Breastfeeding has been described as “a hike through the woods: natural, but not always simple. In fact, it can be challenging, breathtaking, and full of the unexpected”1.
That’s the perfect way to describe it –sometimes challenging, unexpected. It can be a little bit harder than you first think but ultimately a great joy. Breastfeeding is one of those natural processes that people think they know all about. Surprisingly, there is a lot of information about breastfeeding that still isn’t common knowledge. Here are just a few of them.
1 – Breast milk is the healthiest and best food for your baby
There is simply no competition. Whether it’s compared to formulas or milk substitutes, nothing is better for your baby than breast milk. All the nutrients, vitamins, minerals, and antibodies that your baby needs to grow up healthy are passed through breast milk.
The most important aspect of breast milk is the antibodies that pass along to your child. Antibodies are molecules that act as the body’s natural defense against infections. Breast milk is the passage through which your baby receives these antibodies. Nothing else does this so well.
Research also shows that breastfed babies get fewer colds and sinus and ear infections2. They also have less diarrhea, fewer respiratory infections2, and are less likely to be overweight 9-14 years later3.
However, though this is true, some women are unable to breastfeed. If this applies to you, you do not need to panic. Your baby can still receive vital nutrients from other options. Consult with your physician about the best formulas and methods for your baby.
2 – Just about everything you eat gets passed on to your baby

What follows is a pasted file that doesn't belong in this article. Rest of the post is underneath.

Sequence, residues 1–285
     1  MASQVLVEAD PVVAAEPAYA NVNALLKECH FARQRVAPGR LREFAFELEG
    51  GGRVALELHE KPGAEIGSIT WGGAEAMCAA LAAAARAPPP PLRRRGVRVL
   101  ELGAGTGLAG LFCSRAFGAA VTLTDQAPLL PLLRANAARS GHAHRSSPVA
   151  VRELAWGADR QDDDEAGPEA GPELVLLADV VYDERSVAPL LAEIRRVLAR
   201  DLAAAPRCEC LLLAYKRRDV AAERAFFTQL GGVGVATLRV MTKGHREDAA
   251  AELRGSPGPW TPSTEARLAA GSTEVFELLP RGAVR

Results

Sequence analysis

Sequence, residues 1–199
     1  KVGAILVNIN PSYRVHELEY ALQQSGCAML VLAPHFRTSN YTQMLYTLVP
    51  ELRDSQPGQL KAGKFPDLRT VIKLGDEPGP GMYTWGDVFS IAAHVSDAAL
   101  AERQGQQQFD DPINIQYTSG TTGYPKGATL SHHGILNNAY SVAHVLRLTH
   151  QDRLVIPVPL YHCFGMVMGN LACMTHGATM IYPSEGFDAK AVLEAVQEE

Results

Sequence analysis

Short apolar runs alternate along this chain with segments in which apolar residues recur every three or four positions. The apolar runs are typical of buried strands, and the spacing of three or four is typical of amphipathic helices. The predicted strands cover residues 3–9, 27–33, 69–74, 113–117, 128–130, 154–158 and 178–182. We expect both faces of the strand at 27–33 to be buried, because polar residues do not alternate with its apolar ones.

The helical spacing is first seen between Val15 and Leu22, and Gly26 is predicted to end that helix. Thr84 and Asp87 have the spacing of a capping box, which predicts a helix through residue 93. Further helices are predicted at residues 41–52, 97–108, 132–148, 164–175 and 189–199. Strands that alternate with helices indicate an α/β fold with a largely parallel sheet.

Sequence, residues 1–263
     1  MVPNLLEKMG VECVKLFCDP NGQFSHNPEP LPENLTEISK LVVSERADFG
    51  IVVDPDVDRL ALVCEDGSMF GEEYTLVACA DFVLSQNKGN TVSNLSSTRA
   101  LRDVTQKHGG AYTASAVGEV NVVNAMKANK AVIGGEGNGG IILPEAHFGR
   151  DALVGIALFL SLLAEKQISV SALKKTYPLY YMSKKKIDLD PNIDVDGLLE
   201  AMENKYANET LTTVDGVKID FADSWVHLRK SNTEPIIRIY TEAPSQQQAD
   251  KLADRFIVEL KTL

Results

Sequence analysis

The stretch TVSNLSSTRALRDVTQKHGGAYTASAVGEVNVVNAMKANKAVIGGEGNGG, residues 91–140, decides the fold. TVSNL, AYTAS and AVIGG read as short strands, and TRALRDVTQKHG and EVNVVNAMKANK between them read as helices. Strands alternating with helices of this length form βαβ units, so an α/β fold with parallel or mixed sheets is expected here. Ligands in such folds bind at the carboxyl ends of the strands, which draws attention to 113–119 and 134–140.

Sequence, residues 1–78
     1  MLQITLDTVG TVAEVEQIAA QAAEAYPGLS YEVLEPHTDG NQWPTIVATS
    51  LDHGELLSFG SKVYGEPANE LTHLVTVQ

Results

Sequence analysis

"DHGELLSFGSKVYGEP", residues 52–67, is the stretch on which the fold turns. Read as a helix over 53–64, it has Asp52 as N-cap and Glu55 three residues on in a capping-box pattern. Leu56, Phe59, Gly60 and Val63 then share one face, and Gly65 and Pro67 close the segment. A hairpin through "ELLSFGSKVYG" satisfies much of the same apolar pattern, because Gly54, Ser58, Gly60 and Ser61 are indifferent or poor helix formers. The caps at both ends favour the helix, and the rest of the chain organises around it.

You’re a food supply now. This means that your nutrition is of utmost importance. Try to eat a well-balanced diet that includes
- carbohydrates, and
- healthy fats.
Women who are exclusively breastfeeding need to get an extra 500 calories each day4. Due to this extra demand, it’s a good idea to eat food from all the different groups whenever possible.
Other nutrition tips
- Stay well hydrated. Water, juice, and milk are all good options.
- Consider starting a postnatal supplement if you think you aren’t getting all the nutrients you need.
- Keep caffeine and alcohol intake to an absolute minimum.
If you need medications (for anything from a cold to a chronic condition), check with your doctor first. Some medications pass the barrier from your breastmilk to your baby. Speak to your pharmacist, OBGYN, or midwife before using any medications.
3 – Breastfeeding affects your health
Breastfeeding can lower your risk of cancer, help you lose weight, and make you feel good. This might sound like the claim of a miracle drug, but it’s all true. A little-known fact is that breastfeeding can lower your risk of breast and ovarian cancer5,6. Studies show that breastfeeding can lower your risk of breast cancer, particularly if you have children when you are younger7.
Breastfeeding is also a great way to bond with your baby. The physical contact forces you to sit still and focus on nurturing your child. It’s a time when both mother and baby can focus on one another and nothing else. When breastfeeding, your body releases a hormone called oxytocin. It’s a feel-good hormone because it helps the body relax and lowers stress levels. In fact, oxytocin is also known as the ‘love hormone’. It’s the same hormone released when people fall in love (or at least for the first six months of a relationship)8. The release of this hormone makes you feel good and more at ease.